Good luck. As a regular on eBay I avoid most sellers who hide/privatize their feedback items. There is usually a good reason. The positive feedbacks are a few from stoves but the majority that you can identify are from a tortilla maker. This borders on deception to infer that these are based on this stove when obviously they are not.

  • Jim Sency April 27, 2015, 8:34 am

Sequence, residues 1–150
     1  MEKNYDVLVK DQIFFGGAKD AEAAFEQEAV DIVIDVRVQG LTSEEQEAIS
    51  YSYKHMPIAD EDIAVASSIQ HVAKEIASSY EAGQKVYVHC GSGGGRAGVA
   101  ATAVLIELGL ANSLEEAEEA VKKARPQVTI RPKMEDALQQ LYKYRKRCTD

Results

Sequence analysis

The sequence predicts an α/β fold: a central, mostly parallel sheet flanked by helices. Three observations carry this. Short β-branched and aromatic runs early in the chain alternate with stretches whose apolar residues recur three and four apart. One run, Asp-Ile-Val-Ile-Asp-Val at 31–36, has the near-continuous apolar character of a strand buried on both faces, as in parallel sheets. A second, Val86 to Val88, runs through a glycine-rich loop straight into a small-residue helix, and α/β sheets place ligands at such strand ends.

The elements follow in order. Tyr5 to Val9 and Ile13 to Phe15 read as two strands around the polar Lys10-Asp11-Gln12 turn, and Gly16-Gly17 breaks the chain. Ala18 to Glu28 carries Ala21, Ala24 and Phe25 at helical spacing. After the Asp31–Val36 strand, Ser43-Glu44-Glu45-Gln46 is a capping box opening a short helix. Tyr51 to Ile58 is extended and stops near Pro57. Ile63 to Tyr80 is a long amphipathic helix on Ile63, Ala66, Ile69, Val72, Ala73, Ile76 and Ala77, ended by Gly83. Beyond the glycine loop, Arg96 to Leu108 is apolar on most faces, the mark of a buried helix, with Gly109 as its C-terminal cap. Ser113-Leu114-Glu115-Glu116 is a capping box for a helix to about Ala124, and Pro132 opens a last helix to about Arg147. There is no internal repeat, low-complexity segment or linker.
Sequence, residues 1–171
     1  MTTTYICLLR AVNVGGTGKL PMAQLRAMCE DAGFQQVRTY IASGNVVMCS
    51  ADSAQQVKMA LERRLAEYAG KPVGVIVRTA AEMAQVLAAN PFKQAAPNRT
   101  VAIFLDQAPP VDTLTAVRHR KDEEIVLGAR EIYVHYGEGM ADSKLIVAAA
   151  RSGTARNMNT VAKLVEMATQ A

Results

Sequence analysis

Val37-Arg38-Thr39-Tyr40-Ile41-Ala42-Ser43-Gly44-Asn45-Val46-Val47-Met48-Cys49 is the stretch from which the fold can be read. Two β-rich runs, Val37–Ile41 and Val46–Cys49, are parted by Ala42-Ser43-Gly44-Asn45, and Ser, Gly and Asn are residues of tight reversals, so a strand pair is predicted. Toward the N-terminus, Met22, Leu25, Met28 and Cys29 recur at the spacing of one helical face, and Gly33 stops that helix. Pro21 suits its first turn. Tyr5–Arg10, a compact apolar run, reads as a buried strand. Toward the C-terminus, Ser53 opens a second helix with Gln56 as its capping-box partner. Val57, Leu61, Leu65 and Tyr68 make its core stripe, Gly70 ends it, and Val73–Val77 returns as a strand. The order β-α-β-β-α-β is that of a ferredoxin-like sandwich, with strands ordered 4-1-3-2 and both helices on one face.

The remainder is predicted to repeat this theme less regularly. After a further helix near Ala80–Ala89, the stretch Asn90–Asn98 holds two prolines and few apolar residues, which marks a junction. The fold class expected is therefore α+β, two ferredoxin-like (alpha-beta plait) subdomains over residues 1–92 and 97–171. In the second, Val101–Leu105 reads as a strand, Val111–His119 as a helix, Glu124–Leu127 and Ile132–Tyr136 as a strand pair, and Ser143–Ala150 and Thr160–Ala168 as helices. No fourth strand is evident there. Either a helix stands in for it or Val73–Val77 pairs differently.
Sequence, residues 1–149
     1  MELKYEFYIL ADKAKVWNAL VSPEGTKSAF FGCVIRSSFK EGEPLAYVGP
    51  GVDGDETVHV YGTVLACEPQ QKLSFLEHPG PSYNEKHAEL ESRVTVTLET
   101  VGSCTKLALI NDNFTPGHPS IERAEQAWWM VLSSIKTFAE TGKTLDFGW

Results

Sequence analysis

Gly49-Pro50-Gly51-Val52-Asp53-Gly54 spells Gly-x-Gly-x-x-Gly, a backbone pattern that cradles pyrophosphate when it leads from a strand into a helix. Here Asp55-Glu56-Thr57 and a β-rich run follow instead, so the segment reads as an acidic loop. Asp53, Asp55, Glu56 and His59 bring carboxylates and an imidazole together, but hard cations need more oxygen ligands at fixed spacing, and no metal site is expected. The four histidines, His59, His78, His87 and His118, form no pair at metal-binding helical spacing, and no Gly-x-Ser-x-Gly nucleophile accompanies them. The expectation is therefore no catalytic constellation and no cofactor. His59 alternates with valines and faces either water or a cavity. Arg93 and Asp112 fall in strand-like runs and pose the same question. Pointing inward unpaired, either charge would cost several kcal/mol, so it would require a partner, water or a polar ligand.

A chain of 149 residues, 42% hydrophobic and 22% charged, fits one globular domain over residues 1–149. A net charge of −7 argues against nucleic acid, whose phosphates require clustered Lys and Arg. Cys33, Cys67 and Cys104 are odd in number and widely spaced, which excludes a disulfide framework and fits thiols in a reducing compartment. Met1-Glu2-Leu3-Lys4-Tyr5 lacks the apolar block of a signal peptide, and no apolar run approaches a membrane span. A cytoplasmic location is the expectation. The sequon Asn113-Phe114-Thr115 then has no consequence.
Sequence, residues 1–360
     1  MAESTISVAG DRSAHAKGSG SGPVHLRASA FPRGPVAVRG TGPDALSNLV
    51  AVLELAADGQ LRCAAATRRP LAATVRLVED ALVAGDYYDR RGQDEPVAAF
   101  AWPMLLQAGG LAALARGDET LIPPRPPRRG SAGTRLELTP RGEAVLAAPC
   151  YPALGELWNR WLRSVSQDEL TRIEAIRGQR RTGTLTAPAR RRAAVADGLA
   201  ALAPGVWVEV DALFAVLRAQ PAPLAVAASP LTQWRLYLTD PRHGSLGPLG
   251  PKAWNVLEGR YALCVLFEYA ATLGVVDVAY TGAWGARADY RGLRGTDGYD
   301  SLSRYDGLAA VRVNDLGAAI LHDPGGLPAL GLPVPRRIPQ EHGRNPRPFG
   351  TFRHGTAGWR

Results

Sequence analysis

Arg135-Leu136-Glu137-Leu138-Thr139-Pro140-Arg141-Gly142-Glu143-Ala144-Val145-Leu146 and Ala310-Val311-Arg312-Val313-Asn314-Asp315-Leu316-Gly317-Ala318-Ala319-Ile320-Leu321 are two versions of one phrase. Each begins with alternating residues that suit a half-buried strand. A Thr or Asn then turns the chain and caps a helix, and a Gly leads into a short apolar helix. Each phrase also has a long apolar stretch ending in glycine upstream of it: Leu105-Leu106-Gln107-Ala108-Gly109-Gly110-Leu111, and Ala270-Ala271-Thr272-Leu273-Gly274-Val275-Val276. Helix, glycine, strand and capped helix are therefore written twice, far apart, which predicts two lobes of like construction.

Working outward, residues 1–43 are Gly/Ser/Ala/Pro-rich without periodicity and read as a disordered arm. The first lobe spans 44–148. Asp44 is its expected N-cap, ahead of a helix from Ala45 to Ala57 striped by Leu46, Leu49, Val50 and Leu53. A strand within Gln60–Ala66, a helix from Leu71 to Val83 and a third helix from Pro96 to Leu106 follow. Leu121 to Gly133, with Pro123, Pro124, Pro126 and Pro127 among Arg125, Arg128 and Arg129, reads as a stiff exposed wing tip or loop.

I would be very surprised if this stove turns out to be a value, this coming from someone who’s burned coal and wood his entire life. My most recent disappointment is the rusted pile of iron sitting out back that used to be an Elmira Stove Works ‘Oval’. Oh, I got about 15 years of use out of it – which might seem like a useful product life to the uninformed. I can also show you the ‘Warm Morning’ coal stove that is being used this very minute, and it has got to be at least 70 years old. The Heartland ‘Oval’ is still being made (in fact in Michigan) today, for the mere sum of $7,000.00 or more. The stove I bought was from when the company was located in Canada (Elmira Stove Works). When the company was sold and relocated to Michigan, they ‘re-engineered’ the Oval such that trying to obtain replacement parts would be a huge and expensive crap shoot. Ask me how I know. Most of these modern day stoves are made of a lot of thin gauge sheet metal that just disintegrates over the years and thin cast iron that is poorly fitted and likely to warp. That Baker’s Pride from Lehman’s would be a much better bet. I can also recommend D&S Stoves here in Pa. They are Amish and make a good product for a reasonable price. They ain’t purty, but are made primarily from heavy plate with a simple efficient design. They just don’t make a cookstove at this time.